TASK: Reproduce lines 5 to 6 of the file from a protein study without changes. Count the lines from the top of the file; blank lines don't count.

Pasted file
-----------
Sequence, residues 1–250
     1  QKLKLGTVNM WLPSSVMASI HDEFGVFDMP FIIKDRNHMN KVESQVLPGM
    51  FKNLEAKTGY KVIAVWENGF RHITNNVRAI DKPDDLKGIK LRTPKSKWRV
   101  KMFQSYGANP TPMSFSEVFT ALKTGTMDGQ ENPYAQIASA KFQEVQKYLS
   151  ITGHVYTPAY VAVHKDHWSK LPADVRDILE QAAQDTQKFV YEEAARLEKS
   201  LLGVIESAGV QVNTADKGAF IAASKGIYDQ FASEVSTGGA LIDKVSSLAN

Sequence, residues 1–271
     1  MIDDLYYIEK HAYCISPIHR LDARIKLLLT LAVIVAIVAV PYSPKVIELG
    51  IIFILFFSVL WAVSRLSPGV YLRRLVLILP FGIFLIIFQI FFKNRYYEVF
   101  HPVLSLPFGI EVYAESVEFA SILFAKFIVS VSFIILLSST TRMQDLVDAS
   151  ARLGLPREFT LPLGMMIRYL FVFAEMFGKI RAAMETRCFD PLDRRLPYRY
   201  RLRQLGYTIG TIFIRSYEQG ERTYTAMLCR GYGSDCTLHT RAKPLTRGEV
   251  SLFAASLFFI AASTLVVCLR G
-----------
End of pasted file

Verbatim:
   151  ITGHVYTPAY VAVHKDHWSK LPADVRDILE QAAQDTQKFV YEEAARLEKS
   201  LLGVIESAGV QVNTADKGAF IAASKGIYDQ FASEVSTGGA LIDKVSSLAN